About
Nonprofit Tools
Contact
Help

Search by country

Sudan

Sudan

Summary

Rampant corruption and conflict characterize the government of Sudan. Civil war and religious conflict plagued the country for years, and hundreds of thousands of people have been killed, tortured, or displaced from their homes. The government has not heeded direction from international organizations and continues to stifle the basic rights of its citizens.1 1 https://www.hrw.org/world-report/2017/country-chapters/sudan

Demographics

Nationality
Sudanese
Population
34,847,910
Ethnic Groups
Languages
Religions

Explore Sudan Subcases

Click and view Sudan subcases and learn more about our Sudan

Environment
Family
Human Rights
Education
Poverty
Religion
Clean Water
Economy
Government
Health
Children
Animals

Environment

Sudan faces a number of environmental concerns, including desertification, climate change, increasing water shortages, decreasing rainfall, riverbank erosion, and deforestation. Air pollution and environmental degradation, along with a country-wide shortage of clean water, contribute to the country’s high mortality rate.1 The Sudanese rely heavily on the environment for exports and agriculture, and overuse of the land has caused degradation of existing desert environments. Environmental problems have been closely linked to the long conflicts in Sudan and the aftermath of war.2

Family

Sudan’s family structure is strongly rooted in tradition. Traditionally, couples do not meet until their wedding day, and parents arrange the marriages for their children. The average marrying age is 19 or 20, but in poorer areas girls are often younger. 1 Approximately 33% of girls are married before their eighteenth birthday.2 It is legal for Muslim children to marry as young as 10 years old. Polygamy is common, and 30-60% of women in Sudan are involved in polygamous relationships.3

Human Rights

Human rights issues abound in Sudan. Violent conflicts are especially concentrated in Darfur, South Kordofan, and the Blue Nile states, which are located in the southern region of the country. Government forces have displaced hundreds of thousands of citizens in Darfur and subjected countless others to torture, rape, and killings in an attempt to purge anyone not of Arab descent. Many of the affected people have no access to humanitarian aid and are forced to flee the country.1 The International Criminal Court (ICC) indicted President Omar Hassan al-Bashir in 2009 for the genocide in Darfur, but he has avoided arrest. Citizens elsewhere in the country are also subject to government oppression. Sudanese women face the daily risk of being arrested for “indecent behavior” at the Read More discretion of public officials. Violence against women, including beatings and rape, is commonplace and not punished. Anyone who speaks out or writes against the government is subject to arrest and threats.2 Sudan refuses to comply with ICC arrest warrants and reform demands in order to improve the human rights situation.1 Show Less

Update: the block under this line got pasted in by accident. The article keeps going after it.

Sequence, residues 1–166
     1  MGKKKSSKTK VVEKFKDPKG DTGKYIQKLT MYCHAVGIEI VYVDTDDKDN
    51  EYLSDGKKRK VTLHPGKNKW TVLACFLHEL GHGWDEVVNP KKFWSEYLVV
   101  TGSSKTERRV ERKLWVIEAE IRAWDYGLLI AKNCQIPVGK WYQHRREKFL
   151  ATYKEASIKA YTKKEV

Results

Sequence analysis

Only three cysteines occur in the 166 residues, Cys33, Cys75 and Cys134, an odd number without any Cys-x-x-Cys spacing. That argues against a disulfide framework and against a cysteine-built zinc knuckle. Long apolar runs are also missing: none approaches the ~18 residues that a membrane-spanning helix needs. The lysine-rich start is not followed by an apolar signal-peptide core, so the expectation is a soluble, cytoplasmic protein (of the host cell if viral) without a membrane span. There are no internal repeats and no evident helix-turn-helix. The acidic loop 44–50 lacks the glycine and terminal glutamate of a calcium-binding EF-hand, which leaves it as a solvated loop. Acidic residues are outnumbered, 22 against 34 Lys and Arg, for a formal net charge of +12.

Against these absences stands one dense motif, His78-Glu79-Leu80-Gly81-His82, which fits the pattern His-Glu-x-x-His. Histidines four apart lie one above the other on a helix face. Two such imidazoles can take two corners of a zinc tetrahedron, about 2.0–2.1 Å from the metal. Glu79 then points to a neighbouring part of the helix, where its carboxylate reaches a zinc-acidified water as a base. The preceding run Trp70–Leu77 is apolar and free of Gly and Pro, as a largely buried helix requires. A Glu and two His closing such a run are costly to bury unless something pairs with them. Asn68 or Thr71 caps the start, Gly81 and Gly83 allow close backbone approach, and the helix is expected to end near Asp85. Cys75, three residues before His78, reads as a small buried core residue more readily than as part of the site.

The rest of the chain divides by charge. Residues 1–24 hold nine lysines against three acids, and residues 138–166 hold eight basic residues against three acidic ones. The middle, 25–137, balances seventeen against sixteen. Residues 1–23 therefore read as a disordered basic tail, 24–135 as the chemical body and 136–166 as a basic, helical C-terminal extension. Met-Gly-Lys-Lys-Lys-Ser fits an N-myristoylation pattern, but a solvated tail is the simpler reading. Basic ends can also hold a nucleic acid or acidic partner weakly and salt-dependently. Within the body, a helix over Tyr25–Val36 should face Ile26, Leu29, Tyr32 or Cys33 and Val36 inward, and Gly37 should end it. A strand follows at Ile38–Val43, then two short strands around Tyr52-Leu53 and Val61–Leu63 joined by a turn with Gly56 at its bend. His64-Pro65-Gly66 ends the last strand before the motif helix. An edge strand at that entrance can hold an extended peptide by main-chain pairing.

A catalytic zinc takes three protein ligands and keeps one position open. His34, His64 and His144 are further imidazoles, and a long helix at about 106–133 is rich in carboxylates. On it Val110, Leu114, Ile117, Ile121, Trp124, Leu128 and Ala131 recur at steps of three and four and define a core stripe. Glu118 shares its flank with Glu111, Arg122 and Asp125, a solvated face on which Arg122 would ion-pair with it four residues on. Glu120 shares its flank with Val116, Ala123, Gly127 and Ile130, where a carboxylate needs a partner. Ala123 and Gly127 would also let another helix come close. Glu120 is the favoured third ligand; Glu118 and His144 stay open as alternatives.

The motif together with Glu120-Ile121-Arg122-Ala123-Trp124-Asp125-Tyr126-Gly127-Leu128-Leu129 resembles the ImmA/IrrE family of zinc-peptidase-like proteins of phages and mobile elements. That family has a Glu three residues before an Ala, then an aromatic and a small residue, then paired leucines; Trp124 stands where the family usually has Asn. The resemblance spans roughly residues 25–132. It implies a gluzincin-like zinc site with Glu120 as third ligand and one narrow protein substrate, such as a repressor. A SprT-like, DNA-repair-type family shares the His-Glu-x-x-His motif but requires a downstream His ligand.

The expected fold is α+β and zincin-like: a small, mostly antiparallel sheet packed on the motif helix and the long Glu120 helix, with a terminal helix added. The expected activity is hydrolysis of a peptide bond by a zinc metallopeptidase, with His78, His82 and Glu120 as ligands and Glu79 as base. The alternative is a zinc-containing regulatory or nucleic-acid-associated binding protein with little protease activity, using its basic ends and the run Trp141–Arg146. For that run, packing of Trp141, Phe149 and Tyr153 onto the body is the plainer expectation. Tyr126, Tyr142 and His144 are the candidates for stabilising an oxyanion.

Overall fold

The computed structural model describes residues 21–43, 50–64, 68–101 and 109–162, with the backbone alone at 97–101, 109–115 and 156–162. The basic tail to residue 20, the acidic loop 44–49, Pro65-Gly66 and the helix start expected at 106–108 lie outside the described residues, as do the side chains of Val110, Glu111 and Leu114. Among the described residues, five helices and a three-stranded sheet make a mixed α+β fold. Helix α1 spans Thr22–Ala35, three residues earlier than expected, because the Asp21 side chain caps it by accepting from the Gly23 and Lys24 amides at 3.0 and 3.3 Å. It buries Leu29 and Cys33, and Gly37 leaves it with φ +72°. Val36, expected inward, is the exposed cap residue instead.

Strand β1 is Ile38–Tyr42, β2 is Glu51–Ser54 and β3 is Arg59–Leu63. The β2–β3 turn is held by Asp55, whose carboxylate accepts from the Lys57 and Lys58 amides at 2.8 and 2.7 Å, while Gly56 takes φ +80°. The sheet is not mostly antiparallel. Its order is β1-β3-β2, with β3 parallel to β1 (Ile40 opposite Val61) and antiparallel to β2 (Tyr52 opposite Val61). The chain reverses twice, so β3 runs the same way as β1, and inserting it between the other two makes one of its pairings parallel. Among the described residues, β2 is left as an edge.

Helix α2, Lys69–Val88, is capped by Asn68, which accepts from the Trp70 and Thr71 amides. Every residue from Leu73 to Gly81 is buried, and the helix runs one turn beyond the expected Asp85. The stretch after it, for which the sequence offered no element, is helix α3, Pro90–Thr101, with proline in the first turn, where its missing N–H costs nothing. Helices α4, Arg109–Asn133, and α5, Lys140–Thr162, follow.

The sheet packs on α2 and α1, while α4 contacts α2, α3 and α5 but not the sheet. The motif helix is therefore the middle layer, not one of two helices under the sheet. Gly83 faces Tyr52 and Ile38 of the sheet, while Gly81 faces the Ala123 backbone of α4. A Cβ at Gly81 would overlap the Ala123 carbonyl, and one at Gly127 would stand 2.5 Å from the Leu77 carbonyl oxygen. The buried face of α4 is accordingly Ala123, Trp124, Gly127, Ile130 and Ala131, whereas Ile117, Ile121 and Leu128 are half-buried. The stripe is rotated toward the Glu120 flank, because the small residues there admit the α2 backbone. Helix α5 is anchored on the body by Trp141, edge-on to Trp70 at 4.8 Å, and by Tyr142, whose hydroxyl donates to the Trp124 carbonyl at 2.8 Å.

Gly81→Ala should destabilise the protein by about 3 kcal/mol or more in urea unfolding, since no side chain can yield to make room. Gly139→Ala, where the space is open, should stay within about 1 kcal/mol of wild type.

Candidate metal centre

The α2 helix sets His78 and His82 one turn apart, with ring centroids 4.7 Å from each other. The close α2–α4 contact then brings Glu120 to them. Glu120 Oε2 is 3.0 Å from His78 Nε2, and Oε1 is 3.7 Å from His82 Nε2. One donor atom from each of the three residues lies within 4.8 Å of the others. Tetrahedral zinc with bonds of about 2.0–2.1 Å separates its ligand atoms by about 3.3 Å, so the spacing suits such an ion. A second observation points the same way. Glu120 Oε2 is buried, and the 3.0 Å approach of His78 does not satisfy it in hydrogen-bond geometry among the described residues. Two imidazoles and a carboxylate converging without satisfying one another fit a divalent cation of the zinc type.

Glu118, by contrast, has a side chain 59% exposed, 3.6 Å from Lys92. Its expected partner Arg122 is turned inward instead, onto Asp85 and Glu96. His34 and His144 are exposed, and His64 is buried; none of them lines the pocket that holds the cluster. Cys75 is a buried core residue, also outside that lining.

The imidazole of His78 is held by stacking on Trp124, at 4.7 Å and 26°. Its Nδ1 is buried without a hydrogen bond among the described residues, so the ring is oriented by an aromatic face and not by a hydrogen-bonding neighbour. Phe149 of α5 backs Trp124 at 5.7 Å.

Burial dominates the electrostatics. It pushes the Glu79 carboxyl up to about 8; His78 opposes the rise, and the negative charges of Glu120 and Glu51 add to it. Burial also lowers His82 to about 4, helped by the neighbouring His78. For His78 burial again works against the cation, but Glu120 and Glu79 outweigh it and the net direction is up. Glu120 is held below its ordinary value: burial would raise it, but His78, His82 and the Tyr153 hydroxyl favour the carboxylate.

Education

Sudan’s educational system is free and compulsory for all citizens 6 to 13 years of age, although thousands of children do not attend school. Children in rural areas often work at family farms and do not have time to attend school.1 The large number of dropouts both at a basic and secondary level, the inability to attract teachers to remote schools, insufficient resources (particularly textbooks), and inadequate instructional time make learning difficult.2 Additionally, schools are often built poorly, and the buildings are insufficient and unsafe for students.3

Poverty

Nearly half of the nation’s 44 million inhabitants live in poverty. The distribution of wealth is uneven throughout the country due to high corruption in government spending. Many regions have received little to no development assistance, leaving the majority of the citizens in these regions in poverty.1 Poverty is the result of years of civil war, depletion of natural resources, and low agricultural production.2

Religion